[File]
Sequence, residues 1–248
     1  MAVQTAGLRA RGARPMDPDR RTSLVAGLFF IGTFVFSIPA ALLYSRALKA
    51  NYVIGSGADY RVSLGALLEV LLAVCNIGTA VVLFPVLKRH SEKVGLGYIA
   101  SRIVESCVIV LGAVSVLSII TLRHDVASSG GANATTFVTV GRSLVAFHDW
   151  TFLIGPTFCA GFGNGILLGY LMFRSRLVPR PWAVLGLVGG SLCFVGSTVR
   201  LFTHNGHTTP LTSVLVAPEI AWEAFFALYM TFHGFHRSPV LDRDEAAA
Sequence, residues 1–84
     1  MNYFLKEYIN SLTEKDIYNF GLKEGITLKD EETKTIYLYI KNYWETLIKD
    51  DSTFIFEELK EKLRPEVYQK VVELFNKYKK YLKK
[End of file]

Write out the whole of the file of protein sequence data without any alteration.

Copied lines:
Sequence, residues 1–248
     1  MAVQTAGLRA RGARPMDPDR RTSLVAGLFF IGTFVFSIPA ALLYSRALKA
    51  NYVIGSGADY RVSLGALLEV LLAVCNIGTA VVLFPVLKRH SEKVGLGYIA
   101  SRIVESCVIV LGAVSVLSII TLRHDVASSG GANATTFVTV GRSLVAFHDW
   151  TFLIGPTFCA GFGNGILLGY LMFRSRLVPR PWAVLGLVGG SLCFVGSTVR
   201  LFTHNGHTTP LTSVLVAPEI AWEAFFALYM TFHGFHRSPV LDRDEAAA
Sequence, residues 1–84
     1  MNYFLKEYIN SLTEKDIYNF GLKEGITLKD EETKTIYLYI KNYWETLIKD
    51  DSTFIFEELK EKLRPEVYQK VVELFNKYKK YLKK